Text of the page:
Sunday, August 30, 2009

Just Do It

The whole question today was, would the hospital have a bed for Sue to check into on 11 Long? We were to call after 9 a.m. to see. Sue's been increasingly nervous and nauseous thinking about the Melphalan part of the STC.

We ate breakfast at the Reverie coffee shop. Initially I confused the word "reveille" with "reverie." Reveille seems like an appropriate coffee shop name -- the "wake-up bugle call coffee shop." Reverie, it turns out, is even more appropriate to this day. It means "a state of dreamy meditation or fanciful musing, e.g. lost in reverie," or "a daydream."

After coffee and eggs at the daydream coffee shop Sue called in to see if she'd get checked in today. The charge nurse was busy, so Sue left a message and we drove to the beach. We walked out on a sandy hill overlooking the breakers and saw two whales spouting off and cruising south to north not more than 50 yards off shore.

We drove back along the south side of Golden Gate Park. Clearly there is a big event going on there today, with traffic controls and staff posted at every entrance and people making their way into the park. All we could make out from the signs was that it would be some kind of a music and art festival. Sue was still nervous so I suggested she call in again. She did and they told her to report to admitting on the first floor.

Admitting was a long process, but now she's in "her" bed, bed number 1 in room 1151. The room has a great view overlooking San Francisco. We can see Golden Gate Park, Presidio Park, the top of the Golden Gate Bridge, the financial district, the bay, the whole caboodle. Sue's got the inside bed, though. She has a room-mate for the next two days, then she'll be moved to a private room.

So far we've met Lindsay (that's Lindsay with Sue), the R.N. assigned to Sue and three other patients for the next four days, and Dr. Joy Hsu, a doctor working with Dr. Wolf's patients and the primary RX administrator. 11 Long has it's own pharmacy. Get this, I calculated this morning at the Reverie that Sue's been taking 54 pills a day!!! A pharmacist's dream. Hsu is prounounced Sue. It's a good omen. Joy Sue. Nice.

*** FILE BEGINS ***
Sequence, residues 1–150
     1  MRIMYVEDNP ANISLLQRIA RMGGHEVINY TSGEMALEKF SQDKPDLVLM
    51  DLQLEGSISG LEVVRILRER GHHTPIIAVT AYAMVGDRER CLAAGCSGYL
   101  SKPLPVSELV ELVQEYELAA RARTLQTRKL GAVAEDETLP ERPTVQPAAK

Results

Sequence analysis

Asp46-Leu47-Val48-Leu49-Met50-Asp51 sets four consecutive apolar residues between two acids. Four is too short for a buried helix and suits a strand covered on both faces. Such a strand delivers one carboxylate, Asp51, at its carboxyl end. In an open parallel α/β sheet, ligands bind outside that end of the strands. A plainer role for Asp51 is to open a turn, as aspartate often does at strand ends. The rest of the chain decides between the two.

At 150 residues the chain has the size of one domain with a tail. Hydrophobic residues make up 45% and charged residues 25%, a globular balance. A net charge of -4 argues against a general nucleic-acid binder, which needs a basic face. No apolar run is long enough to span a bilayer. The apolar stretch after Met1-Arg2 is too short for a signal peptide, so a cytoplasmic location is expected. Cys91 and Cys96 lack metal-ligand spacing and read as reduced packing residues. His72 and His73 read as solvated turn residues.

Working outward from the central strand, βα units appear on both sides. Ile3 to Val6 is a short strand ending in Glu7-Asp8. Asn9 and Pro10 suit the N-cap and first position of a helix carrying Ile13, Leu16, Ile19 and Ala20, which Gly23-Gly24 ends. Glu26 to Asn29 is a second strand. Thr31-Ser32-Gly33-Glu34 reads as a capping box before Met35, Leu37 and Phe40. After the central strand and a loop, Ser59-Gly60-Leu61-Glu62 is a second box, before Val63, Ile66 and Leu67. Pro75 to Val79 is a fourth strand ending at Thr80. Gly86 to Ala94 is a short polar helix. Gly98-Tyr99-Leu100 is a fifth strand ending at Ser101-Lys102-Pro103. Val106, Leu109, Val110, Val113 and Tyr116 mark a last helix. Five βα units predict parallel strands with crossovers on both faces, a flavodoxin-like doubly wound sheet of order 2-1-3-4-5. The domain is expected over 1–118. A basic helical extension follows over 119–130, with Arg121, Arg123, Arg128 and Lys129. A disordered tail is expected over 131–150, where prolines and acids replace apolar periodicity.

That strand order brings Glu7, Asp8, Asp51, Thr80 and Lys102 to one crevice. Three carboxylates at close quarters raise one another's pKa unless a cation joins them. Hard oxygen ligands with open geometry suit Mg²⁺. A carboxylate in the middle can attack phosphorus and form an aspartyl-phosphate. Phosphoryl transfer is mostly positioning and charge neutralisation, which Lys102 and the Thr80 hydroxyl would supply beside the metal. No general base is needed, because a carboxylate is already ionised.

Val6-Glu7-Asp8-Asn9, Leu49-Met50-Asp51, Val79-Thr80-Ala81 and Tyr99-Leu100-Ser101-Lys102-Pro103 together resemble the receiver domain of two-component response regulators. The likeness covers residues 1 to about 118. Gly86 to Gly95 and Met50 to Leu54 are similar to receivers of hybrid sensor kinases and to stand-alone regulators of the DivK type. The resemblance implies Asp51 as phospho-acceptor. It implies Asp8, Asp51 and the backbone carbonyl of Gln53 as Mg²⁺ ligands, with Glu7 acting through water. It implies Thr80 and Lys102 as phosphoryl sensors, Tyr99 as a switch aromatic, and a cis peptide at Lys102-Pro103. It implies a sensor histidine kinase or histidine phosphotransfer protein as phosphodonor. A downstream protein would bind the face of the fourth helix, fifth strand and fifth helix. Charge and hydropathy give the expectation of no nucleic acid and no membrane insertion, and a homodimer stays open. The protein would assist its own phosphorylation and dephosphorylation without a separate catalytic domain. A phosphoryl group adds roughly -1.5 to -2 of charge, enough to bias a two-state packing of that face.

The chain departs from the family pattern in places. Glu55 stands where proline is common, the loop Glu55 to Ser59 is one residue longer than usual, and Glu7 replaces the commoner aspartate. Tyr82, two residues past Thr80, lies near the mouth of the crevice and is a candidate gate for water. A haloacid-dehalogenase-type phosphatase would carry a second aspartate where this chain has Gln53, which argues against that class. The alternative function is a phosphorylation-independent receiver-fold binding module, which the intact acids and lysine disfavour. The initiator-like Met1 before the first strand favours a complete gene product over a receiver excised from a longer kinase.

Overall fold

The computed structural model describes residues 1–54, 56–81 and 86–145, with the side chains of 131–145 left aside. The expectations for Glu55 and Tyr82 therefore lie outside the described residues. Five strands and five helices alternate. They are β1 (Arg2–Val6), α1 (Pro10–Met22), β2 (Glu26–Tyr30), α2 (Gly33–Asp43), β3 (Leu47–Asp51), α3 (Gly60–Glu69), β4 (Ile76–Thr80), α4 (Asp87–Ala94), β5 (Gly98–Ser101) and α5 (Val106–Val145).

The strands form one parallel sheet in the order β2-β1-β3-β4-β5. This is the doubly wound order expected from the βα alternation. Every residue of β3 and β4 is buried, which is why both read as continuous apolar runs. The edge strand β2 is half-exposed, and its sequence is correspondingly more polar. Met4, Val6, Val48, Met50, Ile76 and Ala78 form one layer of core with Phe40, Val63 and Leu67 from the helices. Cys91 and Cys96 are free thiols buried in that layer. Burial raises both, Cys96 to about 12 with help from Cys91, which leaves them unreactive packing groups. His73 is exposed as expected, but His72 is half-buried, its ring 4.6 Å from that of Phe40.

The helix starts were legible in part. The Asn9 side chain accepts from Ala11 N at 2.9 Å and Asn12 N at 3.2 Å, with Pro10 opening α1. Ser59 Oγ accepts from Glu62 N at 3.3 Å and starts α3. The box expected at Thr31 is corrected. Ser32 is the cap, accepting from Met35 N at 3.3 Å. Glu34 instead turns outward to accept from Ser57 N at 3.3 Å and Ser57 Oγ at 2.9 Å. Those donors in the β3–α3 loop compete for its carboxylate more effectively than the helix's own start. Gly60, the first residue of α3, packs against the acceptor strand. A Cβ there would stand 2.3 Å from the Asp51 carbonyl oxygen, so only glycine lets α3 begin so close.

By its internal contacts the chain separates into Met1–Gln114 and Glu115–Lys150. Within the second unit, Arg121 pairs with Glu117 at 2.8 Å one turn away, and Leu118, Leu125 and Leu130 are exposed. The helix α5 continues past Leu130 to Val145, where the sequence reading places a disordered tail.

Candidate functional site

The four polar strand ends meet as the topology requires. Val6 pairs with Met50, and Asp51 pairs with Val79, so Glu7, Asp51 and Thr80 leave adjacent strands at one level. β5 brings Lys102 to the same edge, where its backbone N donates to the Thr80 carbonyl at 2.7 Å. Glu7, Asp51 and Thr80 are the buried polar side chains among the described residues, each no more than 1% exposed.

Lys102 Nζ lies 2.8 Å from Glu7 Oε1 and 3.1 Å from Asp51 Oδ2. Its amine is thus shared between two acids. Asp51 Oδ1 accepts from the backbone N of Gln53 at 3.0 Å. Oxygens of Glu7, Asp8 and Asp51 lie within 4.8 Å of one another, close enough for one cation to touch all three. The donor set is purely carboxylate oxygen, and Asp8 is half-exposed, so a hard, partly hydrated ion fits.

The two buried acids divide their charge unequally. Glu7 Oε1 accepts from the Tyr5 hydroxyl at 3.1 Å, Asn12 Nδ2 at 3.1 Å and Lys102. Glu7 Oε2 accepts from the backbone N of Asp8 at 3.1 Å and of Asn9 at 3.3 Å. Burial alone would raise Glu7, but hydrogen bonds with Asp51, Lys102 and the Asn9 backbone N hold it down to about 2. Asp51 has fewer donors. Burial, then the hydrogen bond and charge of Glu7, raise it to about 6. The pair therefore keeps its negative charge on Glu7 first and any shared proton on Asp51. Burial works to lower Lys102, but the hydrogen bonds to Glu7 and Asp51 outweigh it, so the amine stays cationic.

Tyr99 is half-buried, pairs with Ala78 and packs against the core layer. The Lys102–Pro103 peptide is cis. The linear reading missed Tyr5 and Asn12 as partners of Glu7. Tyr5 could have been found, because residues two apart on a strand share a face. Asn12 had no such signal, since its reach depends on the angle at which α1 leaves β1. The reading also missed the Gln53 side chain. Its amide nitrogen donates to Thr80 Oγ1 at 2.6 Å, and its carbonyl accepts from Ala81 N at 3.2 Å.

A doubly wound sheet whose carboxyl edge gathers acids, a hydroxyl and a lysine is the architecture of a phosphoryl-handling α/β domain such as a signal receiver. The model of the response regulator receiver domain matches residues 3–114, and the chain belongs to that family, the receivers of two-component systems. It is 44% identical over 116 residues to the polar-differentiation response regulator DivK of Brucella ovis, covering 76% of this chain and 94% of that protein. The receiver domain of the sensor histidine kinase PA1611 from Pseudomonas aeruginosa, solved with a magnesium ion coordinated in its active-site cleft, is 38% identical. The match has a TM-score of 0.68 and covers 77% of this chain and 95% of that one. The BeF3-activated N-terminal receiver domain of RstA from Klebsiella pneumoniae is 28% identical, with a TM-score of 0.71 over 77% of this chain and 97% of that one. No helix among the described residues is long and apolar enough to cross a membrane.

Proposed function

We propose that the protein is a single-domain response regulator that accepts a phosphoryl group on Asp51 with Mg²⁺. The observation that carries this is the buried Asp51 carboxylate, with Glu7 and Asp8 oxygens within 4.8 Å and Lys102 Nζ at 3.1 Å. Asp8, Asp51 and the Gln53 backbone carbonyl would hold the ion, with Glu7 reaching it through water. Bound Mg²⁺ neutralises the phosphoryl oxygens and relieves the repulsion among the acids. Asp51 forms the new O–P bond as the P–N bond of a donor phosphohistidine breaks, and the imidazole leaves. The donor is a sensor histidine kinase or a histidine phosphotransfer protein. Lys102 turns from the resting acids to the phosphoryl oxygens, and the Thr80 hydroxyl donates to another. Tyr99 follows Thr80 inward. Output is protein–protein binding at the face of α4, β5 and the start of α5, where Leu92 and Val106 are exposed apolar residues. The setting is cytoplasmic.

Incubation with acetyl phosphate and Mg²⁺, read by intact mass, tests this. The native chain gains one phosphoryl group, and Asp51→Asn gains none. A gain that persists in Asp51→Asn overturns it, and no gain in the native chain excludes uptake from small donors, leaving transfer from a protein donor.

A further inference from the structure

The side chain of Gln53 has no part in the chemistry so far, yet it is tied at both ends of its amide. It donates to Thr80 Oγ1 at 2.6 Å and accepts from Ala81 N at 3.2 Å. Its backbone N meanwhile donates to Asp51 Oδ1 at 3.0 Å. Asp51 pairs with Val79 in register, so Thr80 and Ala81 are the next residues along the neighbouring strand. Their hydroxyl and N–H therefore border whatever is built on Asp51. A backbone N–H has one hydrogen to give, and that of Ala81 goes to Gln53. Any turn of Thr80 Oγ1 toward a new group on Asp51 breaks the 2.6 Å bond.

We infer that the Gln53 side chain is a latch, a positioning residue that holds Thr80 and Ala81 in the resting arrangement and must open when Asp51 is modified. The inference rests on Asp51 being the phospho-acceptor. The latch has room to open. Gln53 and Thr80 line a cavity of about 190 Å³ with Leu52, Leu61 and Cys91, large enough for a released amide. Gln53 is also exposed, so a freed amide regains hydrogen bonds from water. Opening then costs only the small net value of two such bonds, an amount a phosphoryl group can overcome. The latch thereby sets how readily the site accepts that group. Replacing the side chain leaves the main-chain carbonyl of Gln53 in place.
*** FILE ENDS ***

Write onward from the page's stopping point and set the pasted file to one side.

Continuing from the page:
While we were out tootling around the hallway we ran into Dr. Wiedewilt, the doctor who first interviewed Sue on her first visit to UCSF. He was making some rounds on 11 Long. Dr. Wolf just popped in a few moments ago. He's working on the calculations for Sue's Melphalan dosage. Sue's nervous and nauseous. She wanted to call one of her friends but she was afraid she'd cry so she didn't do it. That's o.k. The staff here are all very nice.

There have been about 4 or 5 other medical staff in and out of Sue's room -- including an x ray tech who took a chest x ray, and a lady who just came in just to measure Sue's wrist for the calculation of how much Melphalan to administer. The calculation Dr. Wolf is making takes into account height, weight, and apparently wrist circumference.

It's 3:30. Dr. Wolf says they'll start the Melphalan soon. They refer to this moment of administration of the Melphalan as "T minus 2." What that means is, it takes about 2 days for the drug to work itself out of Sue's system, or for her system to work the drugs out. That day is called "day zero" because that's the day they administer the previously-harvested stem cells. The actual time for that is whenever the blood tests show that all the blood cells have died.

From there they count days upward as Sue's body works to heal itself. Well, she's still nervous and nauseous. I guess here's where Mark W's advice kicks in. The best way to accomplish a hard job is to just start it. Or, as Nike puts it: Just Do It.

1 comment:

  1. She looks so blue! Thanks for the thourough update!